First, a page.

Dog Days and Other Texts

As I read Dog Days, I can’t help but think how Massa Yo’s ownership over Mboudjak mirrors a lot of the dominant, and even paternalistic relationships depicted in our past readings. Initially, Dog Days had me reflect upon the relationship of Joseph and Isaac in All Our Names. I saw that Massa Yo’s pampering of his pet resembled the coddling given to Isaac by Joseph.

In Dog Days, our narrator is a dog who lives a poor life, but is given an opportunity at a new one. Nganang sets us up for this change early on in the first few lines of his novel: “I’ve gotten used to it. I’ve assumed the destiny it places on my shoulders…I’ve gotten used to the arrogance of others…It hasn’t always been this way. At first I was wounded by even the most innocuous human words” (Nganang 1). At first, Mboudjak is a rebellious dog, biting and barking at his owner, going against the grain. However, once he realizes the good that can come from being an obedient pet, he quickly changes his attitude. In my mind, this resembles how in All Our Names, Isaac is originally against the ignorance and arrogance of his Ethiopian government and it’s wealthy citizens. But soon after Isaac is taken in by Joseph, we see that Isaac becomes spoiled and is willing to do anything Joseph tells him to. This shapes Isaac into a completely different person. The one who notices this change is Dinaw Mengestu’s unnamed narrator, who realizes that Isaac has completely turned. The same could be said for Dog Days, when Mboudjak leaves Massa Yo’s ownership and lives amongst the stray dogs. When Mboudjak is with these stray dogs, he is constantly criticized and teased for being a spoiled dog. They see him as an outsider. Moreover, this dichotomy between the groups of dogs also reminded me of the effect of change from traditional living to an unorthodox way of life, as depicted in both Nervous Conditions and Things Fall Apart.

In both of these prior readings our main characters are given the chance to explore a new culture and be exposed to a different lifestyle. In Nervous Conditions, Tambu is taken to a missionary school. There, she sees a change in resentment for ones culture from her sibling and cousins, but also begins to see it in herself. Both Tambu’s cousins and brother look down upon their culture and heritage once they are exposed to a new lifestyle. This shift in perspective is also depicted in Things Fall Apart.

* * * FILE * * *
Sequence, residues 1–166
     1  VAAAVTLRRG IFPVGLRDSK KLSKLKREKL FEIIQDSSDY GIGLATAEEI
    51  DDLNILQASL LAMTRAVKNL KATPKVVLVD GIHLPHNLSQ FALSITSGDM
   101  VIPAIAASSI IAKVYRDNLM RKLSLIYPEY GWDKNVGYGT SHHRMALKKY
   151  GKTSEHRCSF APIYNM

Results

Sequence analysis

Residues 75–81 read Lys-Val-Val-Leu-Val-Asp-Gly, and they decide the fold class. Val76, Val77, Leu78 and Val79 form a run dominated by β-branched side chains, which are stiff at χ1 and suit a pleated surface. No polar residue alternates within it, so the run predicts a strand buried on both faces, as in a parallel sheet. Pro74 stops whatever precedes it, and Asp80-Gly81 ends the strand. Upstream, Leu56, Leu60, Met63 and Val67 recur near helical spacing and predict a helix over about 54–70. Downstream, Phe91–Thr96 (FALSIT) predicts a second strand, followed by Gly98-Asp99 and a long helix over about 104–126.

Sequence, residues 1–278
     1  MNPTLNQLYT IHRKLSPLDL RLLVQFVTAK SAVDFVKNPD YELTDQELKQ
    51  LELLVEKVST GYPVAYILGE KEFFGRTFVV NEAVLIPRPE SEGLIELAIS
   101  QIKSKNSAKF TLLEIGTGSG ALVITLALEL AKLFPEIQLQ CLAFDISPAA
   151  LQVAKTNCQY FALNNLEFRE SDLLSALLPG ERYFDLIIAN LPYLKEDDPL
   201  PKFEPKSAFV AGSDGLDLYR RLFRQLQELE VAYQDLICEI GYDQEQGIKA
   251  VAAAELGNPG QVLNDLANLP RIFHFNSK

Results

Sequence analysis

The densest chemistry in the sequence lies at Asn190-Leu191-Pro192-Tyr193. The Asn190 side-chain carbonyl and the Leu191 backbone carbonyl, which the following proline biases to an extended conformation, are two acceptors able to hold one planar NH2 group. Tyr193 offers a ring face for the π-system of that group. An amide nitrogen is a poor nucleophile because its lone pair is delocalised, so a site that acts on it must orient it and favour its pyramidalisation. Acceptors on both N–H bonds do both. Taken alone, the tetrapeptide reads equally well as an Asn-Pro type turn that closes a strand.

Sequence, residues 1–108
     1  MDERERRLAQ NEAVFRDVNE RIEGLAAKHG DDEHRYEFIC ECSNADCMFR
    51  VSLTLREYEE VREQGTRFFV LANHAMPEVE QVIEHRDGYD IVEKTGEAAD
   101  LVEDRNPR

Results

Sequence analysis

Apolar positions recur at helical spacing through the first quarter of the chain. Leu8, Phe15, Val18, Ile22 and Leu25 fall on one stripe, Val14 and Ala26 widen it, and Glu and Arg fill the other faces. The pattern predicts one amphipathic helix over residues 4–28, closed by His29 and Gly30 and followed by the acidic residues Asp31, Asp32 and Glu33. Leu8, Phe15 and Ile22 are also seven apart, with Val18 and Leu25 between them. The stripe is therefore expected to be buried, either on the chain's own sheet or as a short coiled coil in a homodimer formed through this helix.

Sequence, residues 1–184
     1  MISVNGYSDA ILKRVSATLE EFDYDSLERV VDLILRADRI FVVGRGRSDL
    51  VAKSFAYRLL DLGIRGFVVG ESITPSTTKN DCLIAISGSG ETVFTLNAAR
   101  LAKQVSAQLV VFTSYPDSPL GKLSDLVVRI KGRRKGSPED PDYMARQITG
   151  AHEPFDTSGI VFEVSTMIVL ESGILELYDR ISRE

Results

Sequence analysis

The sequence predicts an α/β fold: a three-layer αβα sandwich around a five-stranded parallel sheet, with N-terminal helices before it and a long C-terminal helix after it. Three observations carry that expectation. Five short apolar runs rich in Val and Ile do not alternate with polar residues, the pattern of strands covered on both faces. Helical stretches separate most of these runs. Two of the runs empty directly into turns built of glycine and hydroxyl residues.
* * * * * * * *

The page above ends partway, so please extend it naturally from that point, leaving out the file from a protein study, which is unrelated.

In the novel, Okonkwo has a very difficult time adjusting and accepting this change brought to him by European missionaries, while his son, Nwoye is very accepting of this new way of life. This leads Nwoye to resents his father and his way of living. Both Nervous Conditions and Things Fall Apart kept popping into my head as I saw this chain effect unravel in Dog Days, where Massa Yo looks down upon a domesticated Mboudjak, leading Mboudjak to look down upon these stray dogs, and finally having the stray dogs lose respect for Mboudjak. In the end, this leads me to believe that one reason why Patrice Nganang’s chooses to make a dog the narrator, is to show this power struggle in Cameroon. As the novel progresses, I see a constant need from the characters to be above and not sink into poverty. There is a constant need to be above someone or something else.

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Posted on October 30, 2014, in Uncategorized. Bookmark the permalink. Comments Off on Dog Days and Other Texts.

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